verb forms

What to Expect in a Decent Dictionary (Part 2)

Image courtesy of Chris Dlugosz via Flickr (CC 2.0)

 

The first part looked at some information that is typically found in most dictionaries – meaning(s), part of speech, pronunciation, verb forms, and miscellaneous grammar points.

 

Here’s some more information you are likely to come across:

 

  1. Synonyms and antonyms

A synonym is a word that has the same meaning, or nearly the same, as another word. An antonym, on the other hand, is a word that means the opposite of another word.

Example:

honest

Synonyms – truthful, sincere, trustworthy, straightforward, reliable

Antonym – dishonest, corrupt, deceitful, insincere, untrustworthy, unreliable

 

  1. Collocations

The word collocation refers to a word combination that happens naturally in a language. Learning such typical combinations is important because it broadens the scope for expressing ideas clearly.

Example:

food

Verb collocations – consume / eat / have / cook / make / prepare food

Adjective collocations – fast / junk / takeaway / fresh / organic / canned food

 

  1. Example sentences

Example sentences are perhaps the best way to learn how to use a word or phrase accurately in a sentence. They show us the way various grammatical features work together to form a sentence. Some dictionaries print fixed expressions or phrases in bold to help users learn faster.

Example:

The change in policy will do serious harm to our business.

Though I’m not particularly fond of my mother-in-law, I don’t wish her any harm.

I know our neighbour’s dog looks ferocious, but he means no harm.

 

  1. Register

The term register means the degree of formality associated with a word. At times, dictionaries also highlight words that are old-fashioned or offensive.

Example:

ascertain (formal) = to find out

ripping (old-fashioned) = wonderful

gaffer (informal) = an individual who is in charge of a group of people

dude (slang) = a man

bird (sometimes offensive) = a way of referring to a young woman

 

  1. Spelling

A lot of words have alternative spellings, depending on the version used – British English (BrE) or North American English (NAmE).

Example:

theatre (BrE) / theater (NAmE)

doughnut / donut (NAmE)

colour (BrE) / color (NAmE)

 

So, the next time you use a dictionary, gather different types of information that can help you better your English.

 

 

GLOSSARY

 

miscellaneous
Form : adjective
Meaning : consisting of different kinds of things
Example : Tom has a box of miscellaneous items from his childhood.

 

scope (for something)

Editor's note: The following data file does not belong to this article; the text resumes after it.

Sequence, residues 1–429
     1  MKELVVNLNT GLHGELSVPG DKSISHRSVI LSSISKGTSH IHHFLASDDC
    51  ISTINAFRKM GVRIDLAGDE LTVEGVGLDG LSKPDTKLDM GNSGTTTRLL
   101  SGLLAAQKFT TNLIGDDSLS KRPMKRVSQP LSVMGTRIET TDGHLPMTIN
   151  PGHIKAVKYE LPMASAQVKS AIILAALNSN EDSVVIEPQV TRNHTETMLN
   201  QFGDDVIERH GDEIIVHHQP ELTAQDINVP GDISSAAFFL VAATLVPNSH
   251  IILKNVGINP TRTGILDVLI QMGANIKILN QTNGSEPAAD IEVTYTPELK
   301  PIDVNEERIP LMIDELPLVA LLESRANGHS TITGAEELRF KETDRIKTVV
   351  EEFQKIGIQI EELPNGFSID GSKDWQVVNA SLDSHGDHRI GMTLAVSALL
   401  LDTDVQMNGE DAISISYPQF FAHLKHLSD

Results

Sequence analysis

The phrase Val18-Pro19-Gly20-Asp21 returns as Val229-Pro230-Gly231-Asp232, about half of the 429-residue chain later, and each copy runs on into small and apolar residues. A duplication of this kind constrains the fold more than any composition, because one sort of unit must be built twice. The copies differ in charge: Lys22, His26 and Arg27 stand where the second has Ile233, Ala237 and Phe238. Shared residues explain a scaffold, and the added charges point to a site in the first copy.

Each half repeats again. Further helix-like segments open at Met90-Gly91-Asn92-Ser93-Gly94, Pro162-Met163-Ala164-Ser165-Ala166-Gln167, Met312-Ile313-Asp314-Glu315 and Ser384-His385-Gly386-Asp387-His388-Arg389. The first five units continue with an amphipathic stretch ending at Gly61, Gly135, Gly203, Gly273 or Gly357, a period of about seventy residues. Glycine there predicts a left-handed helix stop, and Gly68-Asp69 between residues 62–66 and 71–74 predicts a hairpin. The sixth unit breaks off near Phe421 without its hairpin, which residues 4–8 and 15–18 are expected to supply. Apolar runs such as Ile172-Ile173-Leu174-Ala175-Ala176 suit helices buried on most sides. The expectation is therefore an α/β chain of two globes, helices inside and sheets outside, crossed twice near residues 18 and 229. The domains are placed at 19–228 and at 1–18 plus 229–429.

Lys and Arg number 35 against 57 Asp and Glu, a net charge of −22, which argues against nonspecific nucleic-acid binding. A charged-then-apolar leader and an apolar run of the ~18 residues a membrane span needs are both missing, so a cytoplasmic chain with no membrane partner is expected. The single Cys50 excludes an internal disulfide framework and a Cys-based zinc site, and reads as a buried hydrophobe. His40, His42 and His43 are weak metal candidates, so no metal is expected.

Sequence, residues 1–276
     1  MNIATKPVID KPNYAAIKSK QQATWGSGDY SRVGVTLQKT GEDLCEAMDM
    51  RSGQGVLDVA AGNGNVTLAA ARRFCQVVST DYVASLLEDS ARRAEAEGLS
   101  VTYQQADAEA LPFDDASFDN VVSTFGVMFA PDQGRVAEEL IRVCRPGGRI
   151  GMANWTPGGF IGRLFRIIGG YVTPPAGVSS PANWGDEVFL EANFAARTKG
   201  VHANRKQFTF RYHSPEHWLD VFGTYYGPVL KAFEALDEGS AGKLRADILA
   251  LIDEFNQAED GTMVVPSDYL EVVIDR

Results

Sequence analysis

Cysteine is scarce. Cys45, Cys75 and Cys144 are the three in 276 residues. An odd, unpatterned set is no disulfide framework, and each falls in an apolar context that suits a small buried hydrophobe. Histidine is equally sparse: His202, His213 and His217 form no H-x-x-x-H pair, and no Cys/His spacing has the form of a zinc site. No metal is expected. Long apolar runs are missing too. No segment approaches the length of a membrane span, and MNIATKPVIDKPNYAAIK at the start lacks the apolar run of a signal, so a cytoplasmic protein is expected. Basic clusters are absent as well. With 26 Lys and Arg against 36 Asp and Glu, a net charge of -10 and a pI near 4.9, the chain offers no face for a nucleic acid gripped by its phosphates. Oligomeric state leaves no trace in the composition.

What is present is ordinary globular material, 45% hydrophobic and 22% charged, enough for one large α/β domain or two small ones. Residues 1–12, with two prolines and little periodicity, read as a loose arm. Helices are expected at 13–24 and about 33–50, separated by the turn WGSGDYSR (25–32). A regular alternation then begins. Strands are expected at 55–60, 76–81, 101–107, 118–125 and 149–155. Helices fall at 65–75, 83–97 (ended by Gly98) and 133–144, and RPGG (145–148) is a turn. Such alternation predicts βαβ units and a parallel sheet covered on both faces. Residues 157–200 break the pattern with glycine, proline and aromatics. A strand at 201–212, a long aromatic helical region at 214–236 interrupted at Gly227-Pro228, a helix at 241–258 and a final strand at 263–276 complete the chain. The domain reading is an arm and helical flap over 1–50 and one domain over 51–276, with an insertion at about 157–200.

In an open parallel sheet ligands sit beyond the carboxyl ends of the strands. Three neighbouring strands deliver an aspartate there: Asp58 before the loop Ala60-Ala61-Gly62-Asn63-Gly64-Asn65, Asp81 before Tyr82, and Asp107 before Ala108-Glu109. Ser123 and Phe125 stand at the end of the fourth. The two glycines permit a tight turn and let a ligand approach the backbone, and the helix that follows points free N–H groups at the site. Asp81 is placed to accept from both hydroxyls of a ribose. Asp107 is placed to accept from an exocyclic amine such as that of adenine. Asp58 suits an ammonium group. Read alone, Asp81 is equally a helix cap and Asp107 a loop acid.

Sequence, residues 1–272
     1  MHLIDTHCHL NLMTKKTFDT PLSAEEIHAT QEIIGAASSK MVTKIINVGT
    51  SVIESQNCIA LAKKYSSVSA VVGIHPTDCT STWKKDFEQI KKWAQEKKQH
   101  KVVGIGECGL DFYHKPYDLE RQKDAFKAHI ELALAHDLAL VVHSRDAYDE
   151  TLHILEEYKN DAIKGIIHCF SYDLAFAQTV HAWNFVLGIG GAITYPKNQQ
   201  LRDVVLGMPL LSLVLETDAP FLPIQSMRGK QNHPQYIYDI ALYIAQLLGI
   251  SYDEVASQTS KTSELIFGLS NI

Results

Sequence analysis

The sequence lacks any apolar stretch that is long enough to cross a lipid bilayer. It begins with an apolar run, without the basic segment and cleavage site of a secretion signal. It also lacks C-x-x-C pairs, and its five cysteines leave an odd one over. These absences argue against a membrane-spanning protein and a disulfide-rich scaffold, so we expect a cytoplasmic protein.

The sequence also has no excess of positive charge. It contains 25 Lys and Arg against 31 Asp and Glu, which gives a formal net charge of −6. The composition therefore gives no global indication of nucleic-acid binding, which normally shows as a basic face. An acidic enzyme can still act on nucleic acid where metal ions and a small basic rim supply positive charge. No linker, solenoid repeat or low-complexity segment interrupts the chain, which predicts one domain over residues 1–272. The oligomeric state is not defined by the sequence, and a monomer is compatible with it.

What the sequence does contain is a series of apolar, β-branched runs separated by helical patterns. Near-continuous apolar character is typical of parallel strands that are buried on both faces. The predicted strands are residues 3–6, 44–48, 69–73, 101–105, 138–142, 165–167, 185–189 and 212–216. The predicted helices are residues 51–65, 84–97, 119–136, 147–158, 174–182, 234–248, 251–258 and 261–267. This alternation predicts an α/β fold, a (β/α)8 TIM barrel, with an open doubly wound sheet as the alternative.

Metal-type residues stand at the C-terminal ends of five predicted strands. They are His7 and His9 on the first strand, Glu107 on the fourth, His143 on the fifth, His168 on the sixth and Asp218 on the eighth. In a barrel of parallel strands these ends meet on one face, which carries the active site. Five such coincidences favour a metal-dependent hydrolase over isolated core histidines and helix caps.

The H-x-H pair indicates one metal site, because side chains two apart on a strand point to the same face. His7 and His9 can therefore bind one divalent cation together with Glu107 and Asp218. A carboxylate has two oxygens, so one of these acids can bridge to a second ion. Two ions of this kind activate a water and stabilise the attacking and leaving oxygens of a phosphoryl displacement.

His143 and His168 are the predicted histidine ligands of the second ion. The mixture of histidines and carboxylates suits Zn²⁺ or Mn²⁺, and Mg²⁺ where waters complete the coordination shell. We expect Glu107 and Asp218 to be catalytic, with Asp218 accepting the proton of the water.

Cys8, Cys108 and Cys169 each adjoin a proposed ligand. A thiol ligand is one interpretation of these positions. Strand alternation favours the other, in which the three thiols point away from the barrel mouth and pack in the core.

Form : noun
Meaning : the opportunity to do something
Example : Sally’s new job offers plenty of scope for international travel.

 

offensive
Form : adjective
Meaning : rude or unpleasant
Example : Students who use offensive language in the classroom will be punished.

 

alternative
Form : adjective
Meaning : describes something that can be used instead of something else
Example : Swimming is a good alternative to running when recovering from an injury

 

 

What to Expect in a Decent Dictionary (Part 1)

 

Image courtesy of Chris Dlugosz via Flickr (CC 2.0)

 

A decent dictionary, be it printed or electronic, can be an invaluable tool when trying to improve your English. Sadly, not many language learners exploit it to the full.

 

So, what can you typically expect to find in one?

 

  1. The meaning(s) of an English word or phrase

Most words in the English language have more than one meaning, and dictionaries usually list them out.

Example:

run (verb)

  • to move quickly using legs
  • to manage a business
  • to use a computer program
  • (of liquid) to flow in a particular direction
  • to try to get elected to a job
  • to drive somebody to a place

 

  1. Part of speech

This refers to one of the grammatical groups that a word belongs to depending on how it is used in a sentence. Remember, a word could have different forms.

Example:

drive – verb (= when used to talk about operating a vehicle)

drive – noun (= when used to talk about someone’s energy or desire to do something)

 

  1. Pronunciation

The phonetic transcription of a word usually appears alongside it to help users pronounce the word accurately. Alternate ways of pronouncing the word can also be found in some dictionaries.

Example:

 

Word Pronunciation

(British English)

Pronunciation

(North American English)

restaurant /ˈrestrɒnt/ /ˈrestrɑːnt/
sure /ʃʊə(r)/ or /ʃɔː(r)/ /ʃʊr/

 

  1. Verb forms

Most verbs in English have between 3 and 5 forms; knowing them is essential to be able to make different grammatical structures.

Example:

 

Present simple

I / we / you / they

Present simple

he / she / it

Past simple Past participle -ing form
cut cuts cut cut cutting
dance dances danced danced dancing
eat eats ate eaten eating

 

  1. Other grammatical information

A comprehensive dictionary may also contain other important information, such as the plural form of a noun, or whether a noun is countable or uncountable.

Example:

thief (singular) – thieves (plural)

furniture (uncountable)

 

If you’ve just started learning English, using a dictionary regularly can help stretch your limited vocabulary, so be sure to use one.

 

GLOSSARY

 

decent
Form : adjective
Meaning : of good enough quality
Example : Is there a restaurant nearby where I can get a decent meal?

 

exploit
Form : verb
Meaning : to use something well in order to get benefit from it
Example : I don’t think students exploit the study resources in our library enough.

 

to the full
Form : phrase
Meaning : to the maximum
Example : Youngsters usually want to enjoy life to the full.

 

comprehensive
Form : adjective
Meaning : including many details
Example : He’s writing a comprehensive guide to tourism in Asia.

 

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